As for birthday gifts and cards- did she have a party or get together? Kids don't always think about gifts and cards unless they are going to a party. At 14 they are still kids, with no real money of their own (mostly).

I would stop looking at gifts as a measure of friendship to be honest- as long as they are nice to your DD and include her, that should be enough.

Hippiastrum Wed 31-Dec-14 17:46:53

I know how you feel OP.
My lovely dd is sitting crying in her room because all her friends are going to various parties and no-one has invited her to anything. They all know she is at home with no plans. She had invited a few people round but at the last minute they have all cried off.

It breaks my heart. She is a kind, gentle soul, she makes a huge effort to join in things, but somehow she gets left out.
She asked me what she is doing wrong, but I honestly don't know. sad

MrsTawdry Wed 31-Dec-14 17:54:17

I had no friends at all at 14. It took me until I was 17...I had a great later teen period. Please don't think this will last.xxx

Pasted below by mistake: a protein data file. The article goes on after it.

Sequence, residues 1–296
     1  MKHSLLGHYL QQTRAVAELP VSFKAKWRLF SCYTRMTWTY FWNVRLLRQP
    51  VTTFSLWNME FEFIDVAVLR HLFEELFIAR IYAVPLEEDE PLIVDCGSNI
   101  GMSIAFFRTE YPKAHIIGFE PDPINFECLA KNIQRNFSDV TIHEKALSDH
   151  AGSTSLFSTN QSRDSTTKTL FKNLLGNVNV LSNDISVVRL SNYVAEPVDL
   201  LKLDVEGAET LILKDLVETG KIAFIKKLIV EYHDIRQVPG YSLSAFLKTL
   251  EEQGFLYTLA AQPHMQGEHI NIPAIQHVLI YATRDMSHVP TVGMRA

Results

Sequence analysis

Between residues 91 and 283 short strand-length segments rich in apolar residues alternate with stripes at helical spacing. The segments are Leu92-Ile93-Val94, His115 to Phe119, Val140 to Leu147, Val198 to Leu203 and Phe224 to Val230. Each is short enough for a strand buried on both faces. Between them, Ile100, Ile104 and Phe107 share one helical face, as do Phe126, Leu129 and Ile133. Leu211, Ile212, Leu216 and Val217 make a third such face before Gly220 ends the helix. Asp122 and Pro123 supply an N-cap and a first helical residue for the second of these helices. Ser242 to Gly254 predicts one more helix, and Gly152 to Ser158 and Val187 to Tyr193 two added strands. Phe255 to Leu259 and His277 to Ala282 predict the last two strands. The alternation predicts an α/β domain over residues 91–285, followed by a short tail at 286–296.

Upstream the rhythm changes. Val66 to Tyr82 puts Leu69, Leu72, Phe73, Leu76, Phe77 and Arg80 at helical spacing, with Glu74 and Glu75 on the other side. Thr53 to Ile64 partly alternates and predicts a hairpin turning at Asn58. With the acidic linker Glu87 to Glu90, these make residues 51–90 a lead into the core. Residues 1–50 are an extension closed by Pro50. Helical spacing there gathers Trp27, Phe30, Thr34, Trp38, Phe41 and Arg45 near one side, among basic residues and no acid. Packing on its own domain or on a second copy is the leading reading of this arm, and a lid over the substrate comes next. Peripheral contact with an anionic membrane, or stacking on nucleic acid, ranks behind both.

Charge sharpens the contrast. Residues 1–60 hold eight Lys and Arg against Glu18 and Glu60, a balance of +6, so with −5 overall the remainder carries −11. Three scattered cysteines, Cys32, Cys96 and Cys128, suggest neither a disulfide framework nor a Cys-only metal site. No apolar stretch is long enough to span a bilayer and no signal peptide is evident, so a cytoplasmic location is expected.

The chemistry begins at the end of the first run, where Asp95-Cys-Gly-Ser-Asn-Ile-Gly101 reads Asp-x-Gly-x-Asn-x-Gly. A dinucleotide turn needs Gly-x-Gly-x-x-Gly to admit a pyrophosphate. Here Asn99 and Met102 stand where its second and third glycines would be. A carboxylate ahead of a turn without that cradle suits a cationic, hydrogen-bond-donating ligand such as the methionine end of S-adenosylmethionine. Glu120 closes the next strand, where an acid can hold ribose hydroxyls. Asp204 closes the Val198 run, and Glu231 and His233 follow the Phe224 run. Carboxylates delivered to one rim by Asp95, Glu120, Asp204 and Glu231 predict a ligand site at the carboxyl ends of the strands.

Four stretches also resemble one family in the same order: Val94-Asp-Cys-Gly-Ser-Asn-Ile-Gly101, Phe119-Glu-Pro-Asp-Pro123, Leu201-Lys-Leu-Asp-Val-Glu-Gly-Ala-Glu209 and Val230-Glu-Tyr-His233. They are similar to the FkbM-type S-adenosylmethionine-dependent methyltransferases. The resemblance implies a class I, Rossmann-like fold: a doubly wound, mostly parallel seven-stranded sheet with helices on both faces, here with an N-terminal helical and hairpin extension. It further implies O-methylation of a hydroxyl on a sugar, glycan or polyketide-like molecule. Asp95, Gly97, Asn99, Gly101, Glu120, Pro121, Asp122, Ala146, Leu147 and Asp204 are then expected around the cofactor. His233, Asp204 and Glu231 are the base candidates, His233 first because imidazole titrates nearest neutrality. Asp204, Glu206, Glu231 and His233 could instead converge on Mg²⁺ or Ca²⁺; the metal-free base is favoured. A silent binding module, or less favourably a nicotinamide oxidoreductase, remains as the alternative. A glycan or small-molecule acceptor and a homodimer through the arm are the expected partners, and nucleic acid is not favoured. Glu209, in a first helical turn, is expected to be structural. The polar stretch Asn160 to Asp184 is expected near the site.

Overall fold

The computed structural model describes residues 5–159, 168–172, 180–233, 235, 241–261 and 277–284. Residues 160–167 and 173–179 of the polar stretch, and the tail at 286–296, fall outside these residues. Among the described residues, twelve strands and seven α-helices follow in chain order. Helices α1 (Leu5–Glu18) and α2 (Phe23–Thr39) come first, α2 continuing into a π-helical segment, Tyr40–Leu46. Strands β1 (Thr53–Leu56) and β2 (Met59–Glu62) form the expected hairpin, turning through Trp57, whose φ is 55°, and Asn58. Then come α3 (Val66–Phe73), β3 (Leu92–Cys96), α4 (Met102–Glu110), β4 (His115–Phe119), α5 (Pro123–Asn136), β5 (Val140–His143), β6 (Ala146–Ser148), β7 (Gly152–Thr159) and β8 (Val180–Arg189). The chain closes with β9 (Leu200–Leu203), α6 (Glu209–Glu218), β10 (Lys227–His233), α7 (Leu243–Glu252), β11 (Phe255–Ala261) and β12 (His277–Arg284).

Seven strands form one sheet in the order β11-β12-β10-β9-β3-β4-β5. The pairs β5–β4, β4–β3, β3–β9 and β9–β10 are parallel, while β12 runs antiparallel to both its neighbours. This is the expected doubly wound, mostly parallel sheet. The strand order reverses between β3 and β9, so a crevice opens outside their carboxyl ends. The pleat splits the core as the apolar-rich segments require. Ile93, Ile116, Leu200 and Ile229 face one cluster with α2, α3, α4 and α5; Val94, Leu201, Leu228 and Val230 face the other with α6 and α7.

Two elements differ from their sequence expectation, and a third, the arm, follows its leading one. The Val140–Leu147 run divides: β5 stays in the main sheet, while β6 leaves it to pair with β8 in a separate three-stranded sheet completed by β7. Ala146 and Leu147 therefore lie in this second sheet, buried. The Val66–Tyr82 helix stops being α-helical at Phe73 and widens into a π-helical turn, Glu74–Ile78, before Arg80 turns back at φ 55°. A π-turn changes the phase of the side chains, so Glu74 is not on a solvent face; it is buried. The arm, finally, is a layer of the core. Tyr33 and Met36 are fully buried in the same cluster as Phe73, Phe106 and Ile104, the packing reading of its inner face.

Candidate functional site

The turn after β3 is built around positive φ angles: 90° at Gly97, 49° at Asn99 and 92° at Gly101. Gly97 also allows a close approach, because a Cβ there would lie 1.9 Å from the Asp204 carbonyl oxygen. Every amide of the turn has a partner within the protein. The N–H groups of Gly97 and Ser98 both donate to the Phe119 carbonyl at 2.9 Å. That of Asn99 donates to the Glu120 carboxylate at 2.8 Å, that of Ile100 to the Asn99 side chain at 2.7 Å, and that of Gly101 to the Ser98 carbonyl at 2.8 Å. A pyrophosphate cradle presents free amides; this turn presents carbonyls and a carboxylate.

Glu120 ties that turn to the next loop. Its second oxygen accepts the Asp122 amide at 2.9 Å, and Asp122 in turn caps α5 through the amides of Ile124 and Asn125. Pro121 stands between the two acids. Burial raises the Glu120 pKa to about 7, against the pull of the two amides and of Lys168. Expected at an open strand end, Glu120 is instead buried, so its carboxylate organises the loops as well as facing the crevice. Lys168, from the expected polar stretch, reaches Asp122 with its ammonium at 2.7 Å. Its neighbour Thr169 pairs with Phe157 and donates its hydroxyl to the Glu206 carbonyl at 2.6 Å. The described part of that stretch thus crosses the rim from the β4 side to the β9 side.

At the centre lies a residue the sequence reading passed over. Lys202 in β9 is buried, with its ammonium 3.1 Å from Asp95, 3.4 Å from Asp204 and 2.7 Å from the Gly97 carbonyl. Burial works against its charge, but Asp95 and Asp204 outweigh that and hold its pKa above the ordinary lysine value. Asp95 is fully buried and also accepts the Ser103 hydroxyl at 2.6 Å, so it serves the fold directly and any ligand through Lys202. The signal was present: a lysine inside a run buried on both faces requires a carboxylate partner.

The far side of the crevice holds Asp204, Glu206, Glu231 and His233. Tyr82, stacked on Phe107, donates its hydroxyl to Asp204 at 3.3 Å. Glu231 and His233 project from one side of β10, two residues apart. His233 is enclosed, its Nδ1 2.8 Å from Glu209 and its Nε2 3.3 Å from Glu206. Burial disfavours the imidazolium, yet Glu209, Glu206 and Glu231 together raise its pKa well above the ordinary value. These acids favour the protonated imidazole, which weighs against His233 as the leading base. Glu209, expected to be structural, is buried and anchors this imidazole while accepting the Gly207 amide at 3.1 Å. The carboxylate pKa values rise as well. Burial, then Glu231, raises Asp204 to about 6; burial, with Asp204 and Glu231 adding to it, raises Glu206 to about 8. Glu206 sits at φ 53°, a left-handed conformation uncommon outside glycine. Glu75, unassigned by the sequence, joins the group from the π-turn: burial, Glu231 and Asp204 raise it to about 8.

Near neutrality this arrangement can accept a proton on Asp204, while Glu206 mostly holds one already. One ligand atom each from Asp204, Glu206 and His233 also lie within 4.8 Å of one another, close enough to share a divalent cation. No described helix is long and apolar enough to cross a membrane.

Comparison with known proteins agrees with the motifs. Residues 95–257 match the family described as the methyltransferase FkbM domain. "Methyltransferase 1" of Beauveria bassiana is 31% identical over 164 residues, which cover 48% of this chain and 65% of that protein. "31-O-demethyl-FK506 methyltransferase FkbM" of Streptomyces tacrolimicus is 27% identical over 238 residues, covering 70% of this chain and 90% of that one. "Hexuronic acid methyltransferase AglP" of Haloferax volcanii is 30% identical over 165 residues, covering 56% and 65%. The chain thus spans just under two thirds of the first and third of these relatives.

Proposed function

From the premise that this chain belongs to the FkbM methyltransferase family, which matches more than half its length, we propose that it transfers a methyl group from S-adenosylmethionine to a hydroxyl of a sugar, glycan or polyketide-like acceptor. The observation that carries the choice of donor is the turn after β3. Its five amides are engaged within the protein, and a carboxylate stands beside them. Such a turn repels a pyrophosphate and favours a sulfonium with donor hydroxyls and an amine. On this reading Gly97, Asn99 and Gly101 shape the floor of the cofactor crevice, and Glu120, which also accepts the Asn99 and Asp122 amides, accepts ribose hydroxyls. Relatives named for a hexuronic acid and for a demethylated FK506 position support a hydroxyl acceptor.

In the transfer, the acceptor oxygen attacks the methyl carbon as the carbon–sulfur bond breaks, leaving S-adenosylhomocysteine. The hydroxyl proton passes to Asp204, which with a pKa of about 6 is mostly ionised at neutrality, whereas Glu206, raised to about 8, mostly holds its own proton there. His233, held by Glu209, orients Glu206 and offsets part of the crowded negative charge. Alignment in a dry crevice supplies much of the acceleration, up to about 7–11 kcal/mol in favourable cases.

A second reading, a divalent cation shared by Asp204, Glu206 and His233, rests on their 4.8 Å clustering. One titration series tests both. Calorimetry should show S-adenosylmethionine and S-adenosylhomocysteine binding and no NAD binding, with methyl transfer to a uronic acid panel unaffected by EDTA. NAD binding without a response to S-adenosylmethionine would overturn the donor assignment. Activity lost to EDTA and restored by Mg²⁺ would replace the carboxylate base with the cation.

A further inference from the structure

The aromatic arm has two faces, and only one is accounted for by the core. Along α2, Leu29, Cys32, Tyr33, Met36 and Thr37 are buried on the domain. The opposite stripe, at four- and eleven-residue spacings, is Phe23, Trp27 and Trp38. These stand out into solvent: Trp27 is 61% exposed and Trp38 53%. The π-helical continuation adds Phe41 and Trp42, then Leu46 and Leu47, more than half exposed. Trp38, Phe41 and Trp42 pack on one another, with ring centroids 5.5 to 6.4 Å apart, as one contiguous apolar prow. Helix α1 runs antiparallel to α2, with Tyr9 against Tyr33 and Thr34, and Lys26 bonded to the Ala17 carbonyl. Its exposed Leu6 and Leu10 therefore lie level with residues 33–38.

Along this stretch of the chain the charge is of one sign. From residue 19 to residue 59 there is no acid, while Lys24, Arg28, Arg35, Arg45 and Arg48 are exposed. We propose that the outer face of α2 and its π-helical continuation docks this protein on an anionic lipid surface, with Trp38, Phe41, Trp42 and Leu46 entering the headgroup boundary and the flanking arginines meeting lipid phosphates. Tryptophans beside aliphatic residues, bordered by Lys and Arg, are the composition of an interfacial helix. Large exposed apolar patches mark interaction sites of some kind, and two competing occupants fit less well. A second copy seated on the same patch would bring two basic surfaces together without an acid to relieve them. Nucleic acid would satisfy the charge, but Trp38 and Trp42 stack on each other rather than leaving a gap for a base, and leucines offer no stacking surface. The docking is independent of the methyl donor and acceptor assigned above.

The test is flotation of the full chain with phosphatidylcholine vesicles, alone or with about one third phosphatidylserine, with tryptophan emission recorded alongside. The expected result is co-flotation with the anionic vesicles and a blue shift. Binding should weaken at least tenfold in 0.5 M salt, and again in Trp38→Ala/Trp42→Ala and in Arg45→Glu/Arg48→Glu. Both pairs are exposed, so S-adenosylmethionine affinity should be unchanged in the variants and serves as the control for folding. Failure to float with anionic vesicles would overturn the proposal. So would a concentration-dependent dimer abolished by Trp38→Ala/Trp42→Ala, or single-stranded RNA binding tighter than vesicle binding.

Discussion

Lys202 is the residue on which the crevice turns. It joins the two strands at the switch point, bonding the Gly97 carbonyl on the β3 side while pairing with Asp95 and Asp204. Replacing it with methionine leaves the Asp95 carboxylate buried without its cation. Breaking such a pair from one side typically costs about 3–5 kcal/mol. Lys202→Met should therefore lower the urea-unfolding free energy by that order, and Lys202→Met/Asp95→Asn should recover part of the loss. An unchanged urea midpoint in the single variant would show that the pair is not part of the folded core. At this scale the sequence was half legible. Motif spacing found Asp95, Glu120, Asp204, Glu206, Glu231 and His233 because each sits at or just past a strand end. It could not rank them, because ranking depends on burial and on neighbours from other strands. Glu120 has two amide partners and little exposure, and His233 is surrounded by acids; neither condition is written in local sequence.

LL12 Wed 31-Dec-14 17:55:06

I'm so worried about this kind of thing happening to my DD, already at 10 years old she has only 1 friend at school who is 2 years younger, it would seem all because she didn't go to the same nursery and infant school as the rest of the girls and I'm not best buddies with and didn't go to the same school as their Mums.

Chandon Wed 31-Dec-14 17:56:31

Don't take gifts as a measure of friendship.

LRow Wed 31-Dec-14 18:02:29

Money isn't really an issue for the girl. I suppose it's the lack of effort that's upsetting. DD is my third teenage girl and I haven't come across a group like them.

LRow Wed 31-Dec-14 18:03:27

It's not the gift it's the lack of effort. I'm not that shallow.

LRow Wed 31-Dec-14 18:05:30

She is very involved with a sport thankfully.

LRow Wed 31-Dec-14 18:07:41

I know JW is popular. It was only a JW bag. The gift (which isn't my point) was in it. I'm not bothered about the gift, just the effort.

Mehitabel6 Wed 31-Dec-14 18:08:38

People are picking up on the present part, but I know that is not at all what you mean. I think it is a common problem and the teens are very difficult years. It is a hidden problem because they can't admit to it. It doesn't mean that she will never have friends-I made lots of friends after I left school and only had a few at 14yrs.